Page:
“Though the song is the same, doesn’t matter who plays, it’s alright”, sing the Redwalls in the opening minute of their debut album Universal Blues. The suburban Chicago quartet (they hail from nearby Deerfield) make no bones about it, they’re total throwbacks, a bunch of 18-21 year-olds having some fun reliving the British rock ‘n’ roll sounds of the mid-Sixties, filtering it all through their own ambitious imaginations, and delivering some scorching, gritty, original rock music of their own. The whole garage rock revival of the past few years has become a bit bloated, the pretenders greatly outnumbering the contenders; the energy is there, no question about it, but what’s shamefully absent from many of these bands is a true, innate sense of what makes a good pop song. More often than not, it’s all riffs, and no hooks. The White Stripes and the Strokes, America’s great rock ‘n’ roll hopes, have managed to transcend the garage label on their sophomore albums (in the Strokes’ case, in spectacular fashion), and just by listening to the Redwalls’ new CD, you get the feeling that these kids are not far behind.
To listen to Universal Blues is to be instantly transported to the days of the early Beatles. No, not those Cavern Club gigs with all the screaming girls, but those raucous, loud, speed-fueled sets in the dingy clubs on Hamburg, Germany’s seedy Reeperbahn, where the boys honed their sound, throwing anything and everything at the wall, just to see what stuck. Like those transplanted Liverpudlians, the Redwalls are very young, loaded with raw talent, and on this record, brimming with confidence. You get a simple Chuck Berry lick in one song, some dingy Stones riffs in another, some raw Kinks style rock in the next, then a touch of country. Above all else, though, you get a whole lotta Beatles. These guys have Beatles on the brain all the time, but unlike the whole Rubber Soul/Revolver sound that has been done to death in recent years (uh, Oasis, you can stop now), the Redwalls backtrack even further, exploring the sound of the Beatles in their infancy, from around 1963. And whaddya know, they pull it off brilliantly.
Fronted by brothers Justin and Logan Baren, who share lead vocal duties on the album, the Redwalls (formerly named the Pages) purportedly began as a Beatles cover band before moving on to writing their own material, and you hear that influence immediately. “Colorful Revolution” swipes Paul McCartney’s distinctive bassline from “Ob-La-Di, Ob-La-Da”, the charming rocker “Speed Racer” is incredibly similar to the Beatles’ 1965 cover of Larry Williams’s “Bad Boy”, while Logan Baren’s vocals bear a stunning similarity to a young John Lennon, a soulful, cracked howl that will have the girls swooning in no time. Need a better comparison? Listen to Lennon’s anguished bridge in “This Boy”, then listen to Logan on “You Will Never Know”. The similarity is amazing.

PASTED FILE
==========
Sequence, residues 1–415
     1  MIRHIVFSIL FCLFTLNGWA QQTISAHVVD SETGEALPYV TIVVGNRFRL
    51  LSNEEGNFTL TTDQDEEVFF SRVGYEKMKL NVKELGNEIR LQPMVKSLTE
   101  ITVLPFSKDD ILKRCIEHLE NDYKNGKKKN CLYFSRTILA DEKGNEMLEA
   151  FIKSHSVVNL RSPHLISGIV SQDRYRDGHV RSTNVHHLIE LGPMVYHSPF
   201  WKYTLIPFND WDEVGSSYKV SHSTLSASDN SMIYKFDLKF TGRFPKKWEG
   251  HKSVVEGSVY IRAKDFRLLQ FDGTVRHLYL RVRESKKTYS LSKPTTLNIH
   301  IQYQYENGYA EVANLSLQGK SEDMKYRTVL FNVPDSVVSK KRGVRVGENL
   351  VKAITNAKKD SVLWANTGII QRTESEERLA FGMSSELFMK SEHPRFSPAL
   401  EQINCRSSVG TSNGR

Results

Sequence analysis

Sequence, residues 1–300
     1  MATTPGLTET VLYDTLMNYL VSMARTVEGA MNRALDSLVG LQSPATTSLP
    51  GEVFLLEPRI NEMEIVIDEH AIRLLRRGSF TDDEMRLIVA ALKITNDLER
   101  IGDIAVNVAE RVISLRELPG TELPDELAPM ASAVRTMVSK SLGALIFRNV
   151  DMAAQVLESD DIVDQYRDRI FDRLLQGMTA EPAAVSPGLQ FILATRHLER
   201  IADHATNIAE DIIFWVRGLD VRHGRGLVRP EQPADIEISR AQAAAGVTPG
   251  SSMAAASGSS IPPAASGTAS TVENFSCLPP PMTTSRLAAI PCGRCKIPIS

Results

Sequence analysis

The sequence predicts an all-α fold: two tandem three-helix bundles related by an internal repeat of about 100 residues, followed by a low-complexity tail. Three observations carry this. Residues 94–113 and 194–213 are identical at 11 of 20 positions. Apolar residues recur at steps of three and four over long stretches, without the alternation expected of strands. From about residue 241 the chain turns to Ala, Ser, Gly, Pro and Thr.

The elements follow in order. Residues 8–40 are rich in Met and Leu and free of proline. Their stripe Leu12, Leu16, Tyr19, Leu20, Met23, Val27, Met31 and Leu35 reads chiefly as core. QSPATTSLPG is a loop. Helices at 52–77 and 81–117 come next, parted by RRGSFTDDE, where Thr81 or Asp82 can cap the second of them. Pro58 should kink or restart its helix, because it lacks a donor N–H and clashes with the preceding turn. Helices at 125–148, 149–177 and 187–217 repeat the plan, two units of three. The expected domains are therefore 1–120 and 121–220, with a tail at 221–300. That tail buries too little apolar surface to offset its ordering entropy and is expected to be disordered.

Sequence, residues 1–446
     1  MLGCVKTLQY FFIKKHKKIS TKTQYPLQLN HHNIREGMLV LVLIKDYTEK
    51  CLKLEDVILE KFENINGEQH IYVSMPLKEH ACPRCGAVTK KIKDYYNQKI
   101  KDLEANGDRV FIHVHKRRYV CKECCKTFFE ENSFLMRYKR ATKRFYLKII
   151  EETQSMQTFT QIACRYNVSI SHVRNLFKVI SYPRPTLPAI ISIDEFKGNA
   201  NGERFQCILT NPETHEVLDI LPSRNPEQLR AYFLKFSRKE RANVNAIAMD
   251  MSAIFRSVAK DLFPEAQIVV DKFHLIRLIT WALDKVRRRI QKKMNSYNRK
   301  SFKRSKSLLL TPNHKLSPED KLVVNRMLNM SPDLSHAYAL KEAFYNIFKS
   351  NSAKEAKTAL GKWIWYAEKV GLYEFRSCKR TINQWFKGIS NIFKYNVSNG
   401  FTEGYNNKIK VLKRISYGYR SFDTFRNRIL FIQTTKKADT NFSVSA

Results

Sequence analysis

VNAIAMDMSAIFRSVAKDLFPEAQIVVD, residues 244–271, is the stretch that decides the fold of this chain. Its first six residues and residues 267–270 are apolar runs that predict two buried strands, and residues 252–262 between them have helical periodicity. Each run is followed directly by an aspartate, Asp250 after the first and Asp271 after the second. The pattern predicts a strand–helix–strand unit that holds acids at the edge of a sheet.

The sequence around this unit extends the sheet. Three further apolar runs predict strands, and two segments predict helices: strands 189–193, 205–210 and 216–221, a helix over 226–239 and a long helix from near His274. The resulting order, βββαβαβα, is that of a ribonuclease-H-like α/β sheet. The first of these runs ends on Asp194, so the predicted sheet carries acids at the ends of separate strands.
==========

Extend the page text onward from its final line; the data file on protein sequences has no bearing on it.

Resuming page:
Fortunately, the band doesn’t rely on the Beatles rip-offs exclusively, as the album shows more than enough musical depth to avoid sounding too gimmicky. “You Will Never Know” is a five-minute blues jam that resembles the work of the early Rolling Stones, the Hammond organ-laced “It’s Alright” is a ferocious, straight-up, garage rock tune, while the ballads “That’s the Way the Story Goes” and “Home” have more of a country tinge. “What a Shame” is a blistering, blues rock tune, “I Just Want to Be the One” is a great little imitation of Bob Dylan circa 1965 (right down to Logan’s nasal wail), and “Balinese”, an original which so closely resembles ZZ Top’s song of the same name that they had to call it a cover just to avoid any legal hassles, boasts a cool Crazy Horse riff that sounds like it came straight from Neil Young’s Everybody Knows This is Nowhere.
Universal Blues was recorded both very quickly (one week) and extremely cheaply (a couple grand), yet this humble debut easily outshines most of the other rock debuts from this past year, a fact not lost on Capitol Records, who recently signed the band to a major deal (a Capitol release is currently slated for Spring 2004). This music is energetic, fun, and catchy as hell, and one can’t help but think that some big things are in store for this fine young band in the near future.
// Notes from the Road
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